How to achieve a brilliant blister seal
Most pharmaceutical companies around the world rely on blister packs to guarantee the uniformity, purity, integrity, safety and stability of their products. But these criteria will only be met if the blister seal remains intact throughout the product’s shelf life.
From four decades of advising pharmaceutical operations on preventing and testing for leaky blister seals, we have amassed a great deal of knowledge around blister pack integrity and how to avoid seal issues.
Here, we share our top tips for achieving and maintaining an excellent blister seal.
#1 Match your packaging materials
Material selection will largely be dictated by a combination of cost and the level of barrier protection that is needed to ensure the stability and shelf life of the product. However, consideration also needs to be given to compatibility of base and lidding materials to guarantee seal integrity. Your material supplier will be able to advise on the optimum combination, but as a general rule of thumb, any lidding foil that is compatible with PVC won’t be a match with PET. Also, it isn’t possible to seal directly to PCTFE (Aclar) – a speciality coating or PVC layer will be needed to ensure a strong bond with the lidding material.
#2 Maximise the seal area
One of the key pack design principles for ensuring a strong seal is to create the maximum seal area. We recommend that packs should be designed with a minimum of 5mm between each cavity as well as to the outer edge of the card. In addition, sealing across a larger area and then cutting off the excess ensures there are no weak points.
#3 Select your sealing system carefully
The sealing system will have an important bearing on the quality of the seal. Intermittent platen sealing systems require higher pressure and longer sealing times, and tend to seal at a lower temperature because of these longer dwell times. One disadvantage of platen sealing is that it can cause air to be trapped in the blister pockets. Whilst this doesn’t affect seal integrity, it does compromise pack aesthetics.
Rotary sealing systems, on the other hand, typically run at higher speeds than intermittent platen sealers, and seal in a shorter time and at lower pressure. Rotary sealers require a higher seal temperature and a different knurl design to achieve effective pocket closure. Due to these characteristics, rotary sealing tends to be the technique of choice for thermoform packs. By contrast, the fragility and larger pocket size of CFF (Cold Formed Foil) blisters means they are better suited to platen sealing.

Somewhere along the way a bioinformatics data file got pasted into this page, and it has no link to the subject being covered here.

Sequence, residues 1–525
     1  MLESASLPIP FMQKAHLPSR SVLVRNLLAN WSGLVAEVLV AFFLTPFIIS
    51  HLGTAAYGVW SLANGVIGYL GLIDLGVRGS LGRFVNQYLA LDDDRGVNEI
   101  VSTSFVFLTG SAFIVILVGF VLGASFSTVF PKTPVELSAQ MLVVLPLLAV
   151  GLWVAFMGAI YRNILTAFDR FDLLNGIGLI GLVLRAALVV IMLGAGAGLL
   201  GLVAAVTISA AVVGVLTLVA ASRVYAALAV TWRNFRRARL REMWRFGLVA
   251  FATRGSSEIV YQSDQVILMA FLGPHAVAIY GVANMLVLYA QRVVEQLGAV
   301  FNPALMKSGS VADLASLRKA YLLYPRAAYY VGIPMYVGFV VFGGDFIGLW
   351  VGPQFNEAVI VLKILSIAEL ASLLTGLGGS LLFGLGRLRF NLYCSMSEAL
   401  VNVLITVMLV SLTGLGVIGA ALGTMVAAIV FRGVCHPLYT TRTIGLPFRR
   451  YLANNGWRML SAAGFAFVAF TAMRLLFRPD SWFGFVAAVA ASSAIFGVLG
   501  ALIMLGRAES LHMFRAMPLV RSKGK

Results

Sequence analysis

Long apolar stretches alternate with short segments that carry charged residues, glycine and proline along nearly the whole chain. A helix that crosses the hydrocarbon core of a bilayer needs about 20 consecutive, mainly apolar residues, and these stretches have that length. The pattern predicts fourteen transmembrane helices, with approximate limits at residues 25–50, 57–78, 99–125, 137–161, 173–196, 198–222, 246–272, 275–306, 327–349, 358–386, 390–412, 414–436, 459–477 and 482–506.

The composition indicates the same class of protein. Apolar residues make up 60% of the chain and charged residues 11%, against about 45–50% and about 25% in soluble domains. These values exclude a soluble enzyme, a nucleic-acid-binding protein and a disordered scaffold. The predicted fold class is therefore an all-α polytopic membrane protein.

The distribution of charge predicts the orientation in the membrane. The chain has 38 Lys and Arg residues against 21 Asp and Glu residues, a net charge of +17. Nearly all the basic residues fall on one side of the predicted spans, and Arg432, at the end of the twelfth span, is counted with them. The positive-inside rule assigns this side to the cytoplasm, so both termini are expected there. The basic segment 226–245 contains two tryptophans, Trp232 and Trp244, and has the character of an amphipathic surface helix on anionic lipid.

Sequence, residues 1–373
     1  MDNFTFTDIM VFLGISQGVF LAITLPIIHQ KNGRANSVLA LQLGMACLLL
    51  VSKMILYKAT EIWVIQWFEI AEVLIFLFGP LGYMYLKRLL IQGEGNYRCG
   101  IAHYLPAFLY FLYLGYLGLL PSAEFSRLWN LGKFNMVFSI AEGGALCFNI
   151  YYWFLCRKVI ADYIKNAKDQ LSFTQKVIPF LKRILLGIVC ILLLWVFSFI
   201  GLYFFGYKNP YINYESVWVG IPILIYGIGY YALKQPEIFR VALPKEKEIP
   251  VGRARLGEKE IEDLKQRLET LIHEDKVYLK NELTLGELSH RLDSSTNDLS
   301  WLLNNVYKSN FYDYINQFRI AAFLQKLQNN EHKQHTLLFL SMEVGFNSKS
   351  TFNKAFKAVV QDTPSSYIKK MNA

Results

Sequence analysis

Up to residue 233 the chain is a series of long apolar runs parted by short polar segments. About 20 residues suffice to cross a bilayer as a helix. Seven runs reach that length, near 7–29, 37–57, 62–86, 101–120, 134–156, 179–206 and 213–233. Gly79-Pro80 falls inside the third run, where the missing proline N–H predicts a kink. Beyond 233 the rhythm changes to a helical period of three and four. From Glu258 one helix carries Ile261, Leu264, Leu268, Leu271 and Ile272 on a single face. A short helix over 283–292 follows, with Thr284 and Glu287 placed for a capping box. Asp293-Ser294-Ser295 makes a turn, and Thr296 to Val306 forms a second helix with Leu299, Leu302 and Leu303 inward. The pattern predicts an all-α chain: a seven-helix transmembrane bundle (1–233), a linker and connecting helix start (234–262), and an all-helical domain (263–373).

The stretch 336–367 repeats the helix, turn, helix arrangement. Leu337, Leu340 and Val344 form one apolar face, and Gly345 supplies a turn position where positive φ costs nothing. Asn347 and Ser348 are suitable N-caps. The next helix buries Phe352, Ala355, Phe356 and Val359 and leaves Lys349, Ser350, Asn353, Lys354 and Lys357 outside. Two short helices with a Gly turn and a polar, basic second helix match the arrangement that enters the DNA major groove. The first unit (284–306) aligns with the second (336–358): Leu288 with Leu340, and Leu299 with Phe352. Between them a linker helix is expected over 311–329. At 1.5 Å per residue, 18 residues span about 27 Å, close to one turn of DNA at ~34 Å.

#4 Optimise your sealing parameters
Each material combination requires specific dwell time, pressure and temperature settings to achieve the optimum seal. But identifying the correct sealing parameters is only part of the sealing equation; the other challenge is ensuring that force is evenly distributed across the sealing surface. Thick steel plates that don’t flex and bend coupled with rigid press assembly and geometry are design features that contribute to even distribution of force. In addition, the design of the upper sealing tool should activate the adhesive layer in the lidding material evenly by applying heat uniformly.
#5 Consider knurl pattern
Choice of knurl pattern on the sealing tool plays a role in seal integrity too. Pyramid knurl textures are popular on platen sealed packs, but use a flat top knurl to avoid the risk of rupturing the layers of the materials being sealed. This occurs when either too much or uneven sealing force is applied and the knurl punctures the lidding foil.
#6 Maintain sealing plates
Anodised aluminium plates will need to be stripped and re-anodised from time to time to maintain sealing performance. This will need to be done more frequently on blister packaging machines running printed materials as build-up of ink can distort the knurl pattern by preventing the upper and lower sealing tools from interlocking properly, leading to areas of weakness across the seal and micro-channeling.
#7 Perform pack integrity testing
Pack integrity testing should be deployed to verify the strength of the seal, check for capillaries in the seal and look for defects in the material caused by the packaging process.
There are a number of destructive and non-destructive pack integrity tests available. These vary in sensitivity, technology and cost, and include blue dye, helium trace gas, force decay and laser/vision deflection. The method most widely adopted by the pharmaceutical industry is the traditional blue dye test, due to its low cost and ease of implementation. However, it is messy, subjective and wasteful, which has encouraged manufacturers to look towards more technologically advanced options. Camera-based integrity testing offers pharmaceutical packaging operations increased efficiencies by utilising non-destructive techniques as part of the process.
#8 Consider post-production processes
Whilst pack integrity tests will verify the seal quality of the blister before it leaves the line, consideration should also be given to any processes the pack will be subjected to after this stage. Some medical device blister packs, for example, are sterilised via gamma radiation, which in some instances can compromise seal integrity.
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